Fox Sports’ Jen Engel wrote a column comparing Johnny Manziel to Rosa Parks, asserting that Johnny Manziel was the tipping point for “student-athletes” being unfairly treated by the NCAA. As some noted loudly, this was a problematic analogy.
Once upon a time in this country, there were ugly, racist, tyrannical rules dictating where a black person could sit on a bus. There were all kinds of these laws, actually, created and defended by the racists who benefited from them.
What kick-started change was an average, everyday woman named Rosa Parks, who had grown tired of being tired. Hers was not the first protest, nor was it particularly the best. It was merely the tipping point for many Americans long since tired of these immoral laws.
Obviously, there’s no equivalence between the Civil Rights movement and major college athletics. If we can move past that sticking point and stay in the same vein, Rosa Parks is not the right analog. Parks’ protest was courageous, inspirational and important. But, if we must tie up history into neat little Malcolm Gladwell prose narratives, her act was not the “tipping point.”
It took two years to get cursory Civil Rights legislation to the Congressional Floor. It took nearly 10 to get meaningful legislation to combat southern segregation passed. The “tipping point,” if there even is a specific one, would have come later.
Consensus opinion is broadly white and middle class. That’s where most media members come from. That’s where most academics come from. That’s where most politicians and policy-makers come form. That bias is not always active, conscious or malicious, but it shapes opinions. This consensus reacts and supports change when injustice touches that “ingroup.”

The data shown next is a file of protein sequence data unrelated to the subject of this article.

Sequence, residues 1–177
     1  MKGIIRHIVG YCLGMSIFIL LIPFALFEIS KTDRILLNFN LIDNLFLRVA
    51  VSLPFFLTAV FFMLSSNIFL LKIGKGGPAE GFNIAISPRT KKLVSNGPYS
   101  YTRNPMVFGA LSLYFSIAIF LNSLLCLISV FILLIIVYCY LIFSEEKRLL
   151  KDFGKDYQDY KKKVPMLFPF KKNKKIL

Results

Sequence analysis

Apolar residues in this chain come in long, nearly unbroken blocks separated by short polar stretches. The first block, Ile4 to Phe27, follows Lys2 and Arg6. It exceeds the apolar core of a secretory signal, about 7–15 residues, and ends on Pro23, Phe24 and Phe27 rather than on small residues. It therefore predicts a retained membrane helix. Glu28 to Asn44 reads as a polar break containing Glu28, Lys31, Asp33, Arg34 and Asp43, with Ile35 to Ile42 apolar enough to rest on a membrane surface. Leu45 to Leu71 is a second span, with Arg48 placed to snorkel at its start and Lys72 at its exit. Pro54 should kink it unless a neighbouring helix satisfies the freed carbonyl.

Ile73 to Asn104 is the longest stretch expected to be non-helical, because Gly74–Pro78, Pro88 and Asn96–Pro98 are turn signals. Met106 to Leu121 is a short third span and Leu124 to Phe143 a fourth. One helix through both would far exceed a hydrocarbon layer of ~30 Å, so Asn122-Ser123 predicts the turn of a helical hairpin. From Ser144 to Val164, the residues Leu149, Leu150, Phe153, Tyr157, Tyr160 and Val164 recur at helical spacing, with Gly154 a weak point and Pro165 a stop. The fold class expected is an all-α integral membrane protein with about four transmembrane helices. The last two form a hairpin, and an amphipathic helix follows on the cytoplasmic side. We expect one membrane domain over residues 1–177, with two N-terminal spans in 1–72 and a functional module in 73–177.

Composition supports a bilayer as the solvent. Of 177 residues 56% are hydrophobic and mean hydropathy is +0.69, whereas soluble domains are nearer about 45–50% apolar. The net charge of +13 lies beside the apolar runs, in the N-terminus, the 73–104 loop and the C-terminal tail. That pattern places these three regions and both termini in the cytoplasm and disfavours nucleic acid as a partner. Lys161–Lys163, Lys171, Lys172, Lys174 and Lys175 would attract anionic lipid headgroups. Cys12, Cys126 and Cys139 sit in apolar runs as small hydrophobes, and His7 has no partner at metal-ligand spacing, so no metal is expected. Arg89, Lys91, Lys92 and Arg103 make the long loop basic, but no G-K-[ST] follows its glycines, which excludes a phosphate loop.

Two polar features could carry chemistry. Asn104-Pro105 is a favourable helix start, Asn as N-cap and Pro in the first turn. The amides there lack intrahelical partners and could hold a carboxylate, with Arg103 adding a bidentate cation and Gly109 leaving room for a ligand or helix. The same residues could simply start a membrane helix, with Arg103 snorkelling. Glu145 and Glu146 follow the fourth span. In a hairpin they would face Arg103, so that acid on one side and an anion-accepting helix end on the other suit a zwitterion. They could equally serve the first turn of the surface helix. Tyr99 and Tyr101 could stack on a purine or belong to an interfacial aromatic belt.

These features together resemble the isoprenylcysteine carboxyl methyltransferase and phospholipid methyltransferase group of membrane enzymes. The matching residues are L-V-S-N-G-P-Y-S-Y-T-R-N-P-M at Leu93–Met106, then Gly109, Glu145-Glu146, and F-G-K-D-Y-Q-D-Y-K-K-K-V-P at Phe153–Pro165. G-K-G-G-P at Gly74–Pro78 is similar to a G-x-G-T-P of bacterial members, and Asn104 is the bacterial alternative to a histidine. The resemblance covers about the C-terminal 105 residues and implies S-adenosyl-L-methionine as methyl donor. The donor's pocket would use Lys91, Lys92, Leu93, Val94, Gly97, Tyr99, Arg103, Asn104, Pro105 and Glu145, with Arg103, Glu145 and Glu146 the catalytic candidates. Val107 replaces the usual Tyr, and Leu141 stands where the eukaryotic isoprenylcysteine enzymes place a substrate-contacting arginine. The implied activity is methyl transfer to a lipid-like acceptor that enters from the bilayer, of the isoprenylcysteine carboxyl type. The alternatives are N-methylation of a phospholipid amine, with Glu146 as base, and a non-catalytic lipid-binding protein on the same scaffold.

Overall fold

As Jason Whitlock notes, punishment for marijuana, a drug white people use, became much more lenient than, say, crack cocaine. The consensus turned on the Vietnam War, with a national draft targeting white and middle class people. It has shown indifference to recent wars fought mostly by America’s underclass. The nation is now in crisis, as the effects of economic inequality (long prevalent in urban communities) hit middle class white people and recent college grads.
The “tipping point” for Civil Rights, would have been when that consensus community became invested. It’s gratifying to point to events such as Rosa Parks or Martin Luther King’s “I Have a Dream” speech as seminal moments. In reality, the tipping point for whites came later, with violence.
James Chaney, Michael Schwerner and Andrew Goodman, working for CORE during the Freedom Summer campaign, were chain-whipped, shot and killed with the complicity of local law enforcement in Mississippi in 1964. The latter two were white volunteers from New York. Coupled with incidents too grotesque to ignore, the violent underbelly of Jim Crow rattled the previously indifferent in the white community.
Not coincidentally, when the Civil Rights movement turned North and assumed a more assertive black leadership (with what many presumed to be a threat of violence), consensus support abruptly ceased.
Johnny Manziel may become the tipping point for the NCAA, because he’s the first prominent member of the ingroup to be caught in the NCAA’s ridiculous vise. Chris Webber, Terrelle Pryor, Reggie Bush, Cam Newton and others committed similar acts. They were demonized and vilified, veritable stains on the pristine fabric of college athletics. Now, sentiment has swung toward Manziel, with even reticent media members joining calls for reform.
Part of this is blatant NCAA unraveling. Part of it is the Ed O’Bannon suit. Part of it is intelligent folks such as Jay Bilas, Bomani Jones and Dan Wetzel hammering the point home. A lot of it is that the consensus can more easily relate to Johnny Manziel, who is white and from a comfortable background. For many, he’s easier to picture as a son, a wayward younger brother, a buddy from college or a less mature version of themselves.
Had it been JaMarcus Manziel allegedly accepting cash for autographs to fund a new set of rims, consensus perception may have been radically different.